Coach Knox told reporters how this act of kindness, compassion, generosity and sportsmanship was one she would never forget – that it changed her and her players that day; that they learned that “it’s not all about winning.”[3]

But what is most significant about this story is that it didn’t change Mallory Holtman – she was already like that. Her behavior showed her character, demonstrated her values. Her thoughts were

She hit the ball over her fence.

She’s a senior; it’s her last year…

Anyone…would have offered to do it, just because it’s the right thing to do. She was obviously in agony.[3]

Ms. Holtman felt confidence in her automatic decision to sacrifice her own dreams to her ideas of fairness and compassion because her self-image was composed of these and similar values. She wanted to act selflessly, generously and fairly because she owned these character traits and she knew herself well enough to realize it. Her actions and self-esteem embodied these values- she could only feel good about being herself.

If you have followed this series, you may have been working on identifying your own list of values that you truly care about. If not, here are the instructions. After several weeks of measuring how often you behave according to traits you thought you valued, you should have a pretty good working list, even if it surprised you a bit. The next step is to take this list and build self-esteem with it.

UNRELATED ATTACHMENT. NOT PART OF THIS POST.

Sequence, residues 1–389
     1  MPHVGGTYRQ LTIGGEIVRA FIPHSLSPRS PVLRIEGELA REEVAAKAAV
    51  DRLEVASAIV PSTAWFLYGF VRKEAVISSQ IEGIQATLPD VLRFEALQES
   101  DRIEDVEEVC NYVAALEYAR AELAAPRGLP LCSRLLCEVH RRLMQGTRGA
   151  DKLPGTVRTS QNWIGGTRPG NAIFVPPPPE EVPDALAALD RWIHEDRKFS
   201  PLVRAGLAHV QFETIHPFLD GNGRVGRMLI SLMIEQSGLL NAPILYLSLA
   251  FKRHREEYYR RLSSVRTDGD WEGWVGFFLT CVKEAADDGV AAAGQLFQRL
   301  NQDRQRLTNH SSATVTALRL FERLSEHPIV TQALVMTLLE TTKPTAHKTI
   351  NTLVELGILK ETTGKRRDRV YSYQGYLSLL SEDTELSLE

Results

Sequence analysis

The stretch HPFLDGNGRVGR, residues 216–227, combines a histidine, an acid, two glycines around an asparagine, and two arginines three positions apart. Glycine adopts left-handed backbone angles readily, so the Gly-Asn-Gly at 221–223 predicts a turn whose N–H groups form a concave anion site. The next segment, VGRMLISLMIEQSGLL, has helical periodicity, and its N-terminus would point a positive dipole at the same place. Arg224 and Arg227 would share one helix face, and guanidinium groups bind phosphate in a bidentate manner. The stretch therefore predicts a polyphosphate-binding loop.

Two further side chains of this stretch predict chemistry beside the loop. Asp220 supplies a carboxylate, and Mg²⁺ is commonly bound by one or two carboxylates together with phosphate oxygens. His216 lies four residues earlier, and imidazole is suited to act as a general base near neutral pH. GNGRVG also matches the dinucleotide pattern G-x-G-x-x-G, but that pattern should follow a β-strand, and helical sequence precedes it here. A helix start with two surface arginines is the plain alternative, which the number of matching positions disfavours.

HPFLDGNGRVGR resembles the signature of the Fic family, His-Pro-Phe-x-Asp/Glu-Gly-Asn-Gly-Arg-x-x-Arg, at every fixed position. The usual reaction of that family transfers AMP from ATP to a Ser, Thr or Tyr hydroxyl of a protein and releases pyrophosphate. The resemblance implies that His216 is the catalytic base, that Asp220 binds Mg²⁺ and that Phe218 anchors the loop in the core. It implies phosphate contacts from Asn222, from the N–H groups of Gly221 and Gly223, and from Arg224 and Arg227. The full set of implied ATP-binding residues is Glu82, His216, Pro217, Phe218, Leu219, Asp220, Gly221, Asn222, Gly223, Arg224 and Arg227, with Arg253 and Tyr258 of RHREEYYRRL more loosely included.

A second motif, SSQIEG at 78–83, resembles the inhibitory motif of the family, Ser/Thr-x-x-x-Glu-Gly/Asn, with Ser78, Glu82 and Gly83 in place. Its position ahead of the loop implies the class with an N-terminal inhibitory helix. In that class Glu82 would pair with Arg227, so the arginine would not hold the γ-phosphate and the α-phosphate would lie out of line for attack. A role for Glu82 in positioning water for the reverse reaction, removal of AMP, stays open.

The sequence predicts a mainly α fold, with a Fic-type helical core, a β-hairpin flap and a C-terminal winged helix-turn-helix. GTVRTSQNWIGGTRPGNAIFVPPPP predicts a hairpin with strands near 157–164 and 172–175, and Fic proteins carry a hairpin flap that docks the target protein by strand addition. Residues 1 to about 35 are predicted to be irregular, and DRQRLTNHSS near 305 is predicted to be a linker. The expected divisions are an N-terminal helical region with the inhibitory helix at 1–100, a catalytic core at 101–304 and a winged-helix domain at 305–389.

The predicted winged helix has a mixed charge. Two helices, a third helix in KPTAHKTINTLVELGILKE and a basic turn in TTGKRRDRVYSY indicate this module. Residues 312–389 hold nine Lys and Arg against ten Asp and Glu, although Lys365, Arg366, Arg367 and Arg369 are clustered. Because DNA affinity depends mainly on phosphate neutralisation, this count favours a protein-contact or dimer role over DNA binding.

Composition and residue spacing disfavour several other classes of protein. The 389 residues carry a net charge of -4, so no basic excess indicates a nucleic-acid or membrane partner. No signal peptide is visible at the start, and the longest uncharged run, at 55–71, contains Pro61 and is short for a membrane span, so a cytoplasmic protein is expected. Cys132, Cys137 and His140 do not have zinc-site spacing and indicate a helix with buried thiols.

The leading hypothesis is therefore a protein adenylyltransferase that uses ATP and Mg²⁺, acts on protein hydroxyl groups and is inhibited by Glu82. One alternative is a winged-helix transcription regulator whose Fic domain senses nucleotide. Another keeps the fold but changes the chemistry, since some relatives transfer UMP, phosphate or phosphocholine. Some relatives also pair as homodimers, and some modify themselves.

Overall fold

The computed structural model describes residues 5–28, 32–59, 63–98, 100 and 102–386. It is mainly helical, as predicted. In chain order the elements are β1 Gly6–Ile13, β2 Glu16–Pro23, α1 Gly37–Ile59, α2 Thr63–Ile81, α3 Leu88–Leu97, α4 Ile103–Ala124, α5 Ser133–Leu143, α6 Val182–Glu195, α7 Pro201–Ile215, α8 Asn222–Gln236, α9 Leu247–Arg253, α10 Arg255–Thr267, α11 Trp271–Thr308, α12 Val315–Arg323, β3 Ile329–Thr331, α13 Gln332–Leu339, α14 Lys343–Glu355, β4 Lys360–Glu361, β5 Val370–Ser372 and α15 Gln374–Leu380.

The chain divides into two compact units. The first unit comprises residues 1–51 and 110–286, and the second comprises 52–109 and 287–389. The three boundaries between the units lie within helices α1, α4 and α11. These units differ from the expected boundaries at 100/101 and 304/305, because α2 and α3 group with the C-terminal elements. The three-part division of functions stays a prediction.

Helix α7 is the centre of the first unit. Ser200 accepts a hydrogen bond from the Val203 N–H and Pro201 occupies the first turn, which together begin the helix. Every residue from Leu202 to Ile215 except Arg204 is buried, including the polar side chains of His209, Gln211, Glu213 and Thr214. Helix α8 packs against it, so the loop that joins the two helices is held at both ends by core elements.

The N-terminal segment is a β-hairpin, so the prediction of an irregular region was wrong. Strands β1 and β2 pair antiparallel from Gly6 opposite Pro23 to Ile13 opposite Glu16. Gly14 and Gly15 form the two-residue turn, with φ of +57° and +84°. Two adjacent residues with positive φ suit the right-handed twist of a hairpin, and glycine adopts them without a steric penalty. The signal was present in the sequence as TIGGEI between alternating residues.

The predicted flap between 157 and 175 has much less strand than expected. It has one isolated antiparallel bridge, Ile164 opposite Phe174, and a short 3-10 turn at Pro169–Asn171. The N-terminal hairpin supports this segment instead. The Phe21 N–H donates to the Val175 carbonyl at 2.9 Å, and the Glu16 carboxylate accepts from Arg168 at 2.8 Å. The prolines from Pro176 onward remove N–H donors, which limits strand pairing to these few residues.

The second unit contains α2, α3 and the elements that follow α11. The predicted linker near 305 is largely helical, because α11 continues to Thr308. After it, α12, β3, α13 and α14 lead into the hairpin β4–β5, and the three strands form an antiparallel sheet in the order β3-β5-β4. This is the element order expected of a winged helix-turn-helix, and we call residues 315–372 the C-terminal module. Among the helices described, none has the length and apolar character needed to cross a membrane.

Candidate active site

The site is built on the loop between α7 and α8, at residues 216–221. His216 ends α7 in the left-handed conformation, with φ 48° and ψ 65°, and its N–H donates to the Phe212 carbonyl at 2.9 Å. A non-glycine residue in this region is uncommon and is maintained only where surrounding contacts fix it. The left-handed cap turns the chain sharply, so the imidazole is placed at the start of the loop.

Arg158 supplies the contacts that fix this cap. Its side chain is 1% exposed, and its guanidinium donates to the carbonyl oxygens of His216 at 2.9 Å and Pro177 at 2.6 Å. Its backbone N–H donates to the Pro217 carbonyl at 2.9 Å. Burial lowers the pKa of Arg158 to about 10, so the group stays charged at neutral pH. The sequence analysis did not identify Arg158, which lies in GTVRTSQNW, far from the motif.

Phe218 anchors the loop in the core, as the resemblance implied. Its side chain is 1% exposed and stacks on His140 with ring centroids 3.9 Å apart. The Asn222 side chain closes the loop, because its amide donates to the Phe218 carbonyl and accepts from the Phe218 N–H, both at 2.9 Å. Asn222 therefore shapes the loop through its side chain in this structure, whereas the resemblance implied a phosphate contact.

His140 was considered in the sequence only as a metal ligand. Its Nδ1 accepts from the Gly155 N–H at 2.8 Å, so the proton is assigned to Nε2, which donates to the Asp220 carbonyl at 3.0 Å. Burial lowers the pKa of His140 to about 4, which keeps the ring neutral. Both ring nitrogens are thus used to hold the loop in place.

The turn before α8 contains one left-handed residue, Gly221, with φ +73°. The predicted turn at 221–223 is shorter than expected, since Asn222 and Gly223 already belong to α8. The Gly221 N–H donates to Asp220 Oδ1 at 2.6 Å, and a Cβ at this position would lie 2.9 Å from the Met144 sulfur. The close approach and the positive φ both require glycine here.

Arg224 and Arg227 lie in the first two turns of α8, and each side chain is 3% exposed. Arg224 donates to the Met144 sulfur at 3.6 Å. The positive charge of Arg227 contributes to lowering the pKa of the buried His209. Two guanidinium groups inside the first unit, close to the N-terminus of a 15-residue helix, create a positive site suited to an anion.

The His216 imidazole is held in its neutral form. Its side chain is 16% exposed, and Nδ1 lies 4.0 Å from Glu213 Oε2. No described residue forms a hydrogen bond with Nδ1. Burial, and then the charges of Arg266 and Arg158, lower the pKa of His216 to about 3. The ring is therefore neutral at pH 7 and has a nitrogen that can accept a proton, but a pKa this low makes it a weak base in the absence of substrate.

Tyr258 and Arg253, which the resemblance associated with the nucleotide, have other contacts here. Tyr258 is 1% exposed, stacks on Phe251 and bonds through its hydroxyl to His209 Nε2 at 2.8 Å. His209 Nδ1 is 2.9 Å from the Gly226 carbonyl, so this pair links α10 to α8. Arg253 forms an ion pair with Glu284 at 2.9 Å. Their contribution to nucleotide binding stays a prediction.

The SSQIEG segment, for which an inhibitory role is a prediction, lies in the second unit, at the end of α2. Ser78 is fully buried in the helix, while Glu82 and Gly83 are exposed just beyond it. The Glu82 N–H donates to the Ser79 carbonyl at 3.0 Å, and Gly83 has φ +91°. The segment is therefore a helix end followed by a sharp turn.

As before, you will need a written list of these values: perhaps honesty, loyalty, kindness, independence…whatever you found fit you best. Remember, these are your values, not necessarily ideas others would have you choose. Make room on your list for a series of stars or checks to the right side of each word. As you did when you when you created your list, review it each morning to consciously reacquaint yourself with what you value and what the opportunities for reinforcing self-esteem will be that day. At the end of each day, place a mark beside each word, one for each instance in which you consciously acted in support of that value.